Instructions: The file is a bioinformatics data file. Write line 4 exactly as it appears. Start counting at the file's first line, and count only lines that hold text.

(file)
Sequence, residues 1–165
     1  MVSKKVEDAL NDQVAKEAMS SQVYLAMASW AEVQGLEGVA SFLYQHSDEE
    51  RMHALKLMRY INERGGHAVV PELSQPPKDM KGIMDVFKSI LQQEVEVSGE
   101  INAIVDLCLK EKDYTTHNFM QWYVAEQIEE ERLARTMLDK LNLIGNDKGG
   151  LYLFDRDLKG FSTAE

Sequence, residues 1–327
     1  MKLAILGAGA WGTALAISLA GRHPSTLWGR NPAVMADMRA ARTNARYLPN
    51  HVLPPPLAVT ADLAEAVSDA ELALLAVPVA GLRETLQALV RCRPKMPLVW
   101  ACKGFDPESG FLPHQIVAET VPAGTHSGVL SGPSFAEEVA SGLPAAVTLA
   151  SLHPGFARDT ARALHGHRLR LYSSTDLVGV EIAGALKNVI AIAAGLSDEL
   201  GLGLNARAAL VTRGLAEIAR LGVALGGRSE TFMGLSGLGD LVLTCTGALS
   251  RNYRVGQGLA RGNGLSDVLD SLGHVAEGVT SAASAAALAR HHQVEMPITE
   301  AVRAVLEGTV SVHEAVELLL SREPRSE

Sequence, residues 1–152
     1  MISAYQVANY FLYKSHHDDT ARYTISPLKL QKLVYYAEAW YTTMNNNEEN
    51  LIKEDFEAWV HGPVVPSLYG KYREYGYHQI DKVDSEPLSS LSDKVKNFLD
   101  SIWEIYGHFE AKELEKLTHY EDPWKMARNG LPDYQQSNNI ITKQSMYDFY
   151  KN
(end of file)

   101  INAIVDLCLK EKDYTTHNFM QWYVAEQIEE ERLARTMLDK LNLIGNDKGG